Is the age of the metrosexual man ebbing or was it never really such a big deal?
These days, some so-called man's men are pushing back. So much so, that there are songs written to boycott the man-icures, facials, waxing, and man tans.
Take country singer Brad Paisley.
"I don't highlight my hair, I've still got a pair," Paisley sings in his hit, "I'm Still a Guy."
But a new documentary called "Mansome" finds that more men care about what they look like. And for them, getting pampered the way women have for so long doesn't mean being any less of a man.
Morgan Spurlock, who also directed the hit documentary, "Supersize Me," follows different men, all on a mission to define what it means to be a man. The characters range from an obsessive beard grower to a wrestler on a mission to rid his body of hair. Meanwhile, actors Jason Bateman and Will Arnett explore luxury spa treatments and services that cater to men to explore why men care so much about their vanity.
According to Tyger Latham, a clinical psychologist based in Washington, D.C., who was not in the documentary, the answer has a lot to do with the way men today understand and express their masculinity.
Many men are throwing out the rigid definition of masculinity -- "avoiding femininity, emotional restriction, avoiding of intimacy, pursuit of achievement and status, self-reliance, strength and aggression, and homophobia, " Latham wrote in his 2011 Psychology Today article, "Where Did all the Metrosexuals Go?"
"There is a growing body of research showing that men are rejecting these narrow gender stereotypes and exploring different ways of expressing what it means to them to be a man," said Latham. "One way of doing this is men's increased focus on personal appearance."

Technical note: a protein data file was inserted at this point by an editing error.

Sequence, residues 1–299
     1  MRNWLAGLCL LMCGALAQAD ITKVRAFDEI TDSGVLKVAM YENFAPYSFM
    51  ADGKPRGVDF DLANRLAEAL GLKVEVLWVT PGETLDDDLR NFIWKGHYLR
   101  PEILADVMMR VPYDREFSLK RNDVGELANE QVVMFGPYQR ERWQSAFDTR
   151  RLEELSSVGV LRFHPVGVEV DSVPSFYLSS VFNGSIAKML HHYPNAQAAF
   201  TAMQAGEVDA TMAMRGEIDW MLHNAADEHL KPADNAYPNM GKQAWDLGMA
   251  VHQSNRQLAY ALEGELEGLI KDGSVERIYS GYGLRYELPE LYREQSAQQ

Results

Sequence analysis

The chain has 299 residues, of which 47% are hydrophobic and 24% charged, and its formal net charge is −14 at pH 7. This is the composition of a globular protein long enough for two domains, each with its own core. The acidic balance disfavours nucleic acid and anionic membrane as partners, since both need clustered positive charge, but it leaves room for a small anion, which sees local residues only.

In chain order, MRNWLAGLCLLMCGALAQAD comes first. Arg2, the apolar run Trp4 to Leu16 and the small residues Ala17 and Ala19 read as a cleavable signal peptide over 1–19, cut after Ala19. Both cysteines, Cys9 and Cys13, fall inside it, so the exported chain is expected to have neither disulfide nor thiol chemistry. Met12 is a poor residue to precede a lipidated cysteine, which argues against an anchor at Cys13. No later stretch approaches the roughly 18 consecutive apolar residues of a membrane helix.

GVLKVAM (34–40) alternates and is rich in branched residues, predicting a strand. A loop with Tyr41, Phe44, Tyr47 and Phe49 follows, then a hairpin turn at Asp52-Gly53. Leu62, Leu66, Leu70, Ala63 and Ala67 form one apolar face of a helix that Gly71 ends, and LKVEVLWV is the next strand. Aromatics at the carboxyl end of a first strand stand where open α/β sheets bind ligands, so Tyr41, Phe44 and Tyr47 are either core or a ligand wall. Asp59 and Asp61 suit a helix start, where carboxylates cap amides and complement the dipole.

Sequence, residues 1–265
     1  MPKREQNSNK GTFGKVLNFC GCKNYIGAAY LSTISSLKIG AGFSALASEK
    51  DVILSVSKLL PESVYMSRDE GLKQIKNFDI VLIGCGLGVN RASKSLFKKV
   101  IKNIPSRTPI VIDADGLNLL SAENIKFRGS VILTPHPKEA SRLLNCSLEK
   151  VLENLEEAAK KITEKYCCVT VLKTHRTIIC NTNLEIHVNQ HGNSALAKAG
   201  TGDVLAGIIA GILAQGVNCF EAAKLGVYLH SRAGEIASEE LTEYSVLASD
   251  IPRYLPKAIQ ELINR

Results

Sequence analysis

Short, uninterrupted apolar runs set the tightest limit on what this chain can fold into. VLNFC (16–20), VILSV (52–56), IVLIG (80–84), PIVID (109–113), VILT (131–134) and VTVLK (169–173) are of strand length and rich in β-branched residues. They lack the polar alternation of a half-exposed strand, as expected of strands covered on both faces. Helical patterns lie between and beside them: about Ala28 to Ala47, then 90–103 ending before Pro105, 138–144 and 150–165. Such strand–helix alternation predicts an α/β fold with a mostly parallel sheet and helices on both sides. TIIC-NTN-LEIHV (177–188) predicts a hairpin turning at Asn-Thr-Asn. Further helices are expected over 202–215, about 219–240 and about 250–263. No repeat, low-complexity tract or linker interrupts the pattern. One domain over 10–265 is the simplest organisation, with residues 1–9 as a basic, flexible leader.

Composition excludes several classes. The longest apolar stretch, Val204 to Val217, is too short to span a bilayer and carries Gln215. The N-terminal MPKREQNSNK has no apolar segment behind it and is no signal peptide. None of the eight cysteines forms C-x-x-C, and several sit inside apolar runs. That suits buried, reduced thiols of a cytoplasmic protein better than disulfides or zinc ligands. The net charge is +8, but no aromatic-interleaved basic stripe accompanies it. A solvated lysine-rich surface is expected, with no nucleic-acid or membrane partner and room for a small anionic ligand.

Latham's 2011 article questioned the extinction of that particular category of men. Now, he agreed, there's been a metrosexual revolution.
In fact, nationwide department store sales of male skin care products rose 13 percent from 2010 to $81.7 million last year, according to the market research firm NPD Group. And that number is only expected to increase.
"We're seeing strong growth in fragrance, men not only seeming to want to smell good but to look good as well," Karen Grant, vice president and senior global industry analyst with the NPD Group, said in a statement.
Jessica Watson, 26, manager of "Knockouts," a men's only salon and grooming place in Norwood, Mass., said she's not surprised by the spike in men interested in self-grooming. She's seen it first-hand.
The salon opened a year and a half ago and already has more than 100 clients she considers "regulars."
Besides haircuts, massages and hair-coloring are the most popular services, she said.
"We get guys who are really concerned about they look like because of business meetings, but we also get construction workers," she said.
The spot, likened to a toned-down "Hooters" for hair care, advertises beautiful women, and a sports-themed interior to keep the place "man friendly," she said.
"Men are very loyal and once they try it, they get hooked," said Watson.
Most men enjoy good pampering regardless of where the men lay on the spectrum of "man," she said. And "Mansome" proves to agree.
In "Mansome," a Yonkers, N.Y., barber who specializes in custom-made toupees knows the perfect hook for those men with a new or renewed love of self.
"Doing this come perfection, and I think you are the type of person, you want to be perfect," he told a client while tightly stretching saran wrap over the bald client's head and lathering paper mache on top.